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Inside Texas Politics: State lawmakers have limited time to fix power issues

With about 90 days left in the legislative session, Texas lawmakers have turned their focus to the recent power crisis. The first hearings were held this past week.

Texans’ focus is on the state's broken energy infrastructure and how to fix it. State lawmakers heard a lot during two days of hearings in Austin last week. 

One of the state’s top leaders, House Speaker Dade Phelan, joined Inside Texas Politics to discuss what happens next.

Phelan is a Republican from Beaumont representing House District 21.

Phelan said he will ensure any bills proposed will move quickly for a vote given there are just three months left in the session.

He also said that lawmakers anticipate having to come back for a special session in the summer or fall to complete redistricting based on Census numbers. That special session, Phelan said, could give lawmakers another chance to pass a bill related to the power issues as well.

RELATED: Fixing Texas’ energy infrastructure failures might go to a special legislative session

Lawmakers have limited time to fix power issues

The clock is ticking on Texas lawmakers. They have 90 days or so left in the legislative session, and this brand-new problem to fix.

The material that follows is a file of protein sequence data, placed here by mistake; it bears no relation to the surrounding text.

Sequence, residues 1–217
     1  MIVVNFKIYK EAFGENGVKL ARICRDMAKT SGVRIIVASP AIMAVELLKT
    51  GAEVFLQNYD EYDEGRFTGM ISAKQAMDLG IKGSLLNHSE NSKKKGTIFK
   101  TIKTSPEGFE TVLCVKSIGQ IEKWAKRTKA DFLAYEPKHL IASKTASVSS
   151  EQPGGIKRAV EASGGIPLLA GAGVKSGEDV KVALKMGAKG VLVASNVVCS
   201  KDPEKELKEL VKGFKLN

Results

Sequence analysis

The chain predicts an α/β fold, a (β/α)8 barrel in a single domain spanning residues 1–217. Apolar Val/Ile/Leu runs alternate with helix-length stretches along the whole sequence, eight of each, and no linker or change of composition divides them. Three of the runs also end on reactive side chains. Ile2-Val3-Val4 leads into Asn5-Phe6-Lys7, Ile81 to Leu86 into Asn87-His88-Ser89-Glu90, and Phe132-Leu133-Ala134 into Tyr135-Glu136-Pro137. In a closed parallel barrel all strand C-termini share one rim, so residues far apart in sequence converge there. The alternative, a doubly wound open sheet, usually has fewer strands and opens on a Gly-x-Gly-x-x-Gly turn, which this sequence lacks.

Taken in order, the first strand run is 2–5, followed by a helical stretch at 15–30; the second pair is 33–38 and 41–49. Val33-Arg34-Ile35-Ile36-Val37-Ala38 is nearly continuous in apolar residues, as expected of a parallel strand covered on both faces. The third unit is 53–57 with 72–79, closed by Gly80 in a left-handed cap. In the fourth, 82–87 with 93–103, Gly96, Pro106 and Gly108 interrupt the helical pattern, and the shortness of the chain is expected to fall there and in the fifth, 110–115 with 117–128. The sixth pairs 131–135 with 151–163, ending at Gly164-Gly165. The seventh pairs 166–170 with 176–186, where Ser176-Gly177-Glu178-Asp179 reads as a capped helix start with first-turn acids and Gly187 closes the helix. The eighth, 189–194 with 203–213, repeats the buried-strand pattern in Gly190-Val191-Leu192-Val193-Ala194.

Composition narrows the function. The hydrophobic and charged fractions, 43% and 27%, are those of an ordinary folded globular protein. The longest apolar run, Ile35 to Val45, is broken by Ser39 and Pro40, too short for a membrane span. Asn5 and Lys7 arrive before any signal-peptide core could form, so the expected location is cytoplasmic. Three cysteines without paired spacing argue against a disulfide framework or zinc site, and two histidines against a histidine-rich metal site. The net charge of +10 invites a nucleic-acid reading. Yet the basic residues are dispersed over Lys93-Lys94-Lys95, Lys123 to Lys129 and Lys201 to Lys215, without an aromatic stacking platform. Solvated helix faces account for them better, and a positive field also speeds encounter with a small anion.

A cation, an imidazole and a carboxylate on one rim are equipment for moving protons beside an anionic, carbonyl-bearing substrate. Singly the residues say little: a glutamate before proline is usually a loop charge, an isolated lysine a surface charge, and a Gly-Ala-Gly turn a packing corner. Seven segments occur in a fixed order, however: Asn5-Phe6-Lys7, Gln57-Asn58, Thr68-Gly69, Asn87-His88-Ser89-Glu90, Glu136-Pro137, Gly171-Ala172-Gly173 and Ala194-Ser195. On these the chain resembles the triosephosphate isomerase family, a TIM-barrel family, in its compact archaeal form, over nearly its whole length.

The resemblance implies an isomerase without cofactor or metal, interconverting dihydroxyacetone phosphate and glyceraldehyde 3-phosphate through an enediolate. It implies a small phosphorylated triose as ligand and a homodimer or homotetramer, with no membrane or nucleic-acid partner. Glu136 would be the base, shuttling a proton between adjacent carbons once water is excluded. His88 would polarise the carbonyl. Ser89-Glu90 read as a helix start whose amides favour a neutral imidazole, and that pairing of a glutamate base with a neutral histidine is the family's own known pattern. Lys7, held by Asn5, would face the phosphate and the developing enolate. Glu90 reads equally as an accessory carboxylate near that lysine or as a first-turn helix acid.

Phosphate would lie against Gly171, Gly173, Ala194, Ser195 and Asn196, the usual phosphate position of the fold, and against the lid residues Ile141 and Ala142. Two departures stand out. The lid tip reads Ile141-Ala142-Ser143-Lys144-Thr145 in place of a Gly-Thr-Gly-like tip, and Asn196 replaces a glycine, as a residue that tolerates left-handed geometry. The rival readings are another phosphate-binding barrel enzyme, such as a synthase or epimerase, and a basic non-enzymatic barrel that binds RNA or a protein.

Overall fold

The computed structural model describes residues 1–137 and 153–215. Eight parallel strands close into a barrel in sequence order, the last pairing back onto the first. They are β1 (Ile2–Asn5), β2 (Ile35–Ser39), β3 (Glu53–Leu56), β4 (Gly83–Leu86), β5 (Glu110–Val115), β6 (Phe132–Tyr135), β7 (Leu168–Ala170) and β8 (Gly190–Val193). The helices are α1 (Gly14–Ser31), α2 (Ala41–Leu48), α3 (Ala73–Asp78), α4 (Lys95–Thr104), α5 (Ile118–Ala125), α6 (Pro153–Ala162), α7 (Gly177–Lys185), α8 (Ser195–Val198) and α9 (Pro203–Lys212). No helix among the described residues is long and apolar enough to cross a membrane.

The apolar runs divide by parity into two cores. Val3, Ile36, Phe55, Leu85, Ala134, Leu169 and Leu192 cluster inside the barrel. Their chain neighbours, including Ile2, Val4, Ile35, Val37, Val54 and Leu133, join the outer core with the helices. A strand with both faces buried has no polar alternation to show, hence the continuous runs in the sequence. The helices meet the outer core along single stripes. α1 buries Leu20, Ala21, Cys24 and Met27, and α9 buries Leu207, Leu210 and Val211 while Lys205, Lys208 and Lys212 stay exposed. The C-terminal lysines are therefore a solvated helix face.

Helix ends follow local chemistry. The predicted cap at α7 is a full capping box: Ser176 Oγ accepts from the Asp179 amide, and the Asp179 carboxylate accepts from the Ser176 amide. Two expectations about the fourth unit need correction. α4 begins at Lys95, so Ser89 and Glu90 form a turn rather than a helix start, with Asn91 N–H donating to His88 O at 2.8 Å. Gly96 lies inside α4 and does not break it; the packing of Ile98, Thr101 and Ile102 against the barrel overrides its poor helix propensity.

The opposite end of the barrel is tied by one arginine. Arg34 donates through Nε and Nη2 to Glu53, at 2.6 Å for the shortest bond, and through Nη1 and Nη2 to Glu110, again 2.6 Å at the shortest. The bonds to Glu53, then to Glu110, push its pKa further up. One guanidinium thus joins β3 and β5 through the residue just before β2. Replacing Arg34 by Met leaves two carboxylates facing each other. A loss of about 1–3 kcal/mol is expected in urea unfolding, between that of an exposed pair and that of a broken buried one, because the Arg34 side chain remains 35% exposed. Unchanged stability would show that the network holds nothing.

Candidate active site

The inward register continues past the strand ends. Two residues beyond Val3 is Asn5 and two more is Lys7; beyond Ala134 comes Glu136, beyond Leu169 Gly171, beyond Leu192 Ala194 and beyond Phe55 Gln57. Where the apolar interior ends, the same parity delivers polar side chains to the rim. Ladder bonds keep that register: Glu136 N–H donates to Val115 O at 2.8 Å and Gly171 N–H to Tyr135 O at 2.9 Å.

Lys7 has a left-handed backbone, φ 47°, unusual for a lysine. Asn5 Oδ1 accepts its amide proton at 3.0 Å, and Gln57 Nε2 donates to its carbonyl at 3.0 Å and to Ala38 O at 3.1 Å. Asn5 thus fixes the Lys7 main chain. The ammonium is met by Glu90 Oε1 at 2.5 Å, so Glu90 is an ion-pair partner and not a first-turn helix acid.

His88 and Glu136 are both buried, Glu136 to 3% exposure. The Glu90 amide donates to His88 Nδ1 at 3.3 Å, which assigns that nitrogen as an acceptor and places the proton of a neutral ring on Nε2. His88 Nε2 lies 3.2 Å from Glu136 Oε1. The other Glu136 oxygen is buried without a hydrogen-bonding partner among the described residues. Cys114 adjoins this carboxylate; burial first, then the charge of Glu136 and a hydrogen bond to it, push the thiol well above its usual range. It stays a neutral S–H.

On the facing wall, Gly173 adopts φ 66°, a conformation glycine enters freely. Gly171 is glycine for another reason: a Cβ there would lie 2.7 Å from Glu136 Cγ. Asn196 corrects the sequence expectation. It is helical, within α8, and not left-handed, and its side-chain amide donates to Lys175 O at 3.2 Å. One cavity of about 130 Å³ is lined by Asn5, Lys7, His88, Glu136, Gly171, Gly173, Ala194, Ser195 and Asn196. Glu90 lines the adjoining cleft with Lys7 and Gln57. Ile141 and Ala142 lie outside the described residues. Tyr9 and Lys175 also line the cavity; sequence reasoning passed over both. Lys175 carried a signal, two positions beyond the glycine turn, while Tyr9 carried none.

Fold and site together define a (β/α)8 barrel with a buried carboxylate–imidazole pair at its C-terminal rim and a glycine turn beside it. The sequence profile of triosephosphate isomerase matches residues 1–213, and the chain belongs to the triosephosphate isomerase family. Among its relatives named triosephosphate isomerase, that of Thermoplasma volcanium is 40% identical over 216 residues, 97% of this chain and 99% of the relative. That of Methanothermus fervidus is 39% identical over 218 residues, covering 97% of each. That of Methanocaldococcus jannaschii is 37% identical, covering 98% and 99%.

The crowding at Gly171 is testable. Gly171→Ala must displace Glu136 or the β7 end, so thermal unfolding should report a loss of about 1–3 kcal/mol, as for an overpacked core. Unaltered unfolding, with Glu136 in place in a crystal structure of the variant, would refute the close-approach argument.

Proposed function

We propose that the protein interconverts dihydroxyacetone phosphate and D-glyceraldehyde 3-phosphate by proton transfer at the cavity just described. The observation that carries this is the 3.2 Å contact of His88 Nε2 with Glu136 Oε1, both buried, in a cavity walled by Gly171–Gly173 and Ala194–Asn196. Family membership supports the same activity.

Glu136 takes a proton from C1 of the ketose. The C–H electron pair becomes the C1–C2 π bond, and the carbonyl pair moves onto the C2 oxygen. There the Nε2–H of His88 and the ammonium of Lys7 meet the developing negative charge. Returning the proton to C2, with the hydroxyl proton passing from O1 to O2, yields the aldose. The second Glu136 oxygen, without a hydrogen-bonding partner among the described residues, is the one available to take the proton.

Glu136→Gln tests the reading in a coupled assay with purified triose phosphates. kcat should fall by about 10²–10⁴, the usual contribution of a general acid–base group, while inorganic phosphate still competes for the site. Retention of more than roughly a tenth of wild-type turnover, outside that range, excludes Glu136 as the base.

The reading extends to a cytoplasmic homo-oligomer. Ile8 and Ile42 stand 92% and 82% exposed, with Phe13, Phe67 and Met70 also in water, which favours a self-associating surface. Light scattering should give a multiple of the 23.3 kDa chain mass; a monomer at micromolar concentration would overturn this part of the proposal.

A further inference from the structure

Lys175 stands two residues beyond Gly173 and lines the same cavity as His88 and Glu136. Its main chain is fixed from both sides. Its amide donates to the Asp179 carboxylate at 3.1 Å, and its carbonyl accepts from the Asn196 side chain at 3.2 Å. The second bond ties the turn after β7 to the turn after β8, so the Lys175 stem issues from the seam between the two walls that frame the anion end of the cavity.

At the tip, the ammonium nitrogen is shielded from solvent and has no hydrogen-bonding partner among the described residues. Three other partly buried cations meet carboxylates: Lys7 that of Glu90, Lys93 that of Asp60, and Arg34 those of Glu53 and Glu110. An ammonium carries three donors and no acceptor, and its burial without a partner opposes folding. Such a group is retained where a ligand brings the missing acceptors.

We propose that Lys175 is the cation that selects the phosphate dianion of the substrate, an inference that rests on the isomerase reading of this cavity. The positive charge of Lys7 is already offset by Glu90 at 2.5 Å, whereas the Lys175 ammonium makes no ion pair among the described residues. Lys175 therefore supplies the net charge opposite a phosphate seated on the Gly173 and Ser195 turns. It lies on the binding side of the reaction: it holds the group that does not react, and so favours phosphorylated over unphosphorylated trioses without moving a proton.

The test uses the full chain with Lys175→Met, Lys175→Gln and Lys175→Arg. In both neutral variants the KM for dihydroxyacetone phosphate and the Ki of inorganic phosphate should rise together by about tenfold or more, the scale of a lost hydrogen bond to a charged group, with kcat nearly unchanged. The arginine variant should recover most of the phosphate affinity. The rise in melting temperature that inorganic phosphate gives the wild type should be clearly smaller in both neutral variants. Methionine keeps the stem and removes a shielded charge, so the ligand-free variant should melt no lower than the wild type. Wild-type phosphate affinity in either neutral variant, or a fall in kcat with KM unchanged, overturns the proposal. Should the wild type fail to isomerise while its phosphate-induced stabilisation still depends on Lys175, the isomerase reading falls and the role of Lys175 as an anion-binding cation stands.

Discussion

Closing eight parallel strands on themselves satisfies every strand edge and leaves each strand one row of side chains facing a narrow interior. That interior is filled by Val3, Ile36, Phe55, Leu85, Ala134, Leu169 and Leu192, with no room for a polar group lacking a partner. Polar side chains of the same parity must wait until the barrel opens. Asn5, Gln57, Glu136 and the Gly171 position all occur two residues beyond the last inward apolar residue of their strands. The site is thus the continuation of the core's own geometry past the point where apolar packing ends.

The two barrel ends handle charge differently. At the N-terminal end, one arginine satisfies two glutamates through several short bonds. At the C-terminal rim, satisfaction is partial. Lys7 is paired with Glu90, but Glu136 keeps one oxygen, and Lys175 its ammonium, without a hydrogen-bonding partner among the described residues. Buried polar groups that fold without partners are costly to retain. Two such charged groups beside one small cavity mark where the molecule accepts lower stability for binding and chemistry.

One of the people to play a major role is state Rep. Craig Goldman. He's a Republican from Fort Worth who chairs the House Energy Resources Committee.

Goldman called the hearings just the beginning of the process for discovering solutions to prevent a future energy crisis. He said the hearings this past week gave committee members a chance to ask energy executives tough questions.

One of the most common themes and the issue lawmakers may focus on fixing: communication. Goldman said the theme from every person who testified was the need to improve communication to the 29 million people living in Texas.

Specifically, Goldman said, people were told there would be rolling blackouts, but what actually happened was much longer, something that was not clearly explained.

RELATED: Amber Alert-style communication system discussed to warn Texans of future widespread electric outages

How Dallas County plans to use its doses of the Johnson & Johnson vaccine

The number of COVID-19 cases is going down in Texas. However, vaccinations rates seem to be creeping along at a snail's pace. 

Dallas County Judge Clay Jenkins has been at the forefront dealing with the pandemic since it began 11 months ago.

Jenkins joined Inside Texas Politics to talk about current immunization efforts and recent changes. One of those: the opening of new FEMA vaccination sites. Three across Texas, including one in Dallas at Fair Park and one in Arlington. 

The federal sites are focused on reaching underserved communities, Jenkins said. In Dallas County, that means there are 21,000 weekly doses aimed at helping 17 hardest hit zip codes, as well as people who live in census tracts with high poverty rates (75-100% of the population in that tract).

Jenkins also said the county expects to receive 6,000 doses of the Johnson & Johnson vaccine, which requires only one dose. He said those doses will be used for people in jails, inpatient addiction and mental health facilities, and the homeless population.

The FDA approved the emergency use authorization of the Johnson & Johnson vaccine Saturday after expert advisors recommended it be approved late Friday. Doses could ship as soon as Monday.

RELATED: Texas is diverting thousands of COVID-19 vaccine doses away from Dallas County, Judge Jenkins says